Partnership Between Contractor and Union Grows Market Share
Thomas Company got its start in Egg Harbor Township, N.J., in 1920 in the years following World War I and less than a decade before the Great Depression. Despite that beginning, the economic collapse in 2008 and subsequent fallout in Atlantic City left the then 94-year-old company, a member of the Sheet Metal Contractors Association of Philadelphia and Vicinity, on the verge of closing its doors.
Meanwhile, SMART Local 19, based in Philadelphia, was fighting its own battle—carpenters attempting to take over all of the architectural sheet metal work, which had been a staple for the local since 1887.
Working together, Local 19 they staved off the raiding attempt.
George Thomas, the third-generation owner of Thomas Company, decided to take the risk to expand beyond HVAC work, into the architectural metal market. He and Local 19 Assistant Business Manager Bryan Bush visited a dozen general contractors and developers in the area to talk about Thomas Company’s capability to perform architectural projects.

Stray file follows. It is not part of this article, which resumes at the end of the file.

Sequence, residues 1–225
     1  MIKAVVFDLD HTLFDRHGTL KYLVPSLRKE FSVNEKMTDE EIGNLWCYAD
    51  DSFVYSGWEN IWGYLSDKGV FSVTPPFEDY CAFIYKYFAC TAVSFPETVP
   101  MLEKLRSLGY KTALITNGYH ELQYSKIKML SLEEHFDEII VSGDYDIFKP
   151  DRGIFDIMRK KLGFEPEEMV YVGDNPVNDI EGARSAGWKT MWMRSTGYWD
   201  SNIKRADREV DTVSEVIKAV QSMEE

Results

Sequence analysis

“We were sitting down with whoever we possibly could to get him the work,” Bush said. “Before you knew it, he started landing every other job. It wasn’t an overnight thing. We just kept working on it.”
“I give the guy a lot of credit,” added Gary Masino, Local 19 business manager. “He leaves no stone unturned. We learned a lot from each other. He taught us we can do the work again.”
Once the risk proved to be a success, other contractors followed suit.
In less than a year, Thomas Company was keeping 100 craftsmen busy. Today, Thomas Company and Local 19 continue to work together to increase market share. “It’s a true partnership. We depend on them as much as they depend on us,” Thomas said.
“When all parties agree and care, anything is possible,” Masino said.